Former Brookings Expert
Richard O. Lempert was a nonresident senior fellow with Governance Studies at the Brookings Institution. During 2012-2013, he was a visiting fellow in Governence Studies at the Brookings Institution. From June 2008 until July 2011, he served as chief scientist in the Human Factors/Behavioral Sciences Division of the Science and Technology Directorate in the Department of Homeland Security; and from June 2002 through May 2006, he took leave from the University of Michigan to serve as the division director for the Social and Economic Sciences at the National Science Foundation. His research interests are broad, encompassing, among other things, matters related to national security, government bureaucracy, juries, race relations and social science methods.
[The Trump administration] felt that they had expressed concerns over the law, and Sisi said he was not going to sign it, and then he went ahead and signed it. Their expectations were betrayed.
All Western democracies, including the U.S. and Germany, are seeing powerful protest movements against globalization and integration. They are agitating for a recapturing of control, or 'sovereignty,' and often also of ethnic homogeneity. Although they keep talking about the nation-state, they oppose key principles of Western constitutionalism like separation of powers and the protection of minorities against the tyranny of the majority. They want a tribalization of politics. That's something the Tea Party and the U.S. alt-right have in common with the AfD.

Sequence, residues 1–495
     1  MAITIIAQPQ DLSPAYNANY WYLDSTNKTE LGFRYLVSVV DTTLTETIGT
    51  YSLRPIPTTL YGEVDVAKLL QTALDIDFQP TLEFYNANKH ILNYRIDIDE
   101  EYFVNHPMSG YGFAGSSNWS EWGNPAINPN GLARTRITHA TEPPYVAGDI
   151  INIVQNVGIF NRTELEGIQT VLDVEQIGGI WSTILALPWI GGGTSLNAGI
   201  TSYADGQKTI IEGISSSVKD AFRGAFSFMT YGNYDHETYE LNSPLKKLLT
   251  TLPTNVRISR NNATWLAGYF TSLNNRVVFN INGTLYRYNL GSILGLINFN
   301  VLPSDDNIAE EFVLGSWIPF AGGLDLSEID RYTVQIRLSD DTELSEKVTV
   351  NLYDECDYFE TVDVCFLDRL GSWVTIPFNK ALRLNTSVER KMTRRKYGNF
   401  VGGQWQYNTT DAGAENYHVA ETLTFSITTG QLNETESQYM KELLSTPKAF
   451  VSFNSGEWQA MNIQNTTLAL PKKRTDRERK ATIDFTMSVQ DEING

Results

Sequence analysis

Germany's postwar foreign policy had two lodestars: atonement for World War II and the Holocaust, as well as reconciliation with its victims and enemies — and joining the universe of Western democracies, and specifically integration into the U.N., NATO, and the European Union. The AfD [Alternative for Germany] more or less explicitly rejects both these orienting principles in favor of an ethno-nationalist, sovereignist, anti-European, anti-American and pro-Russian stance.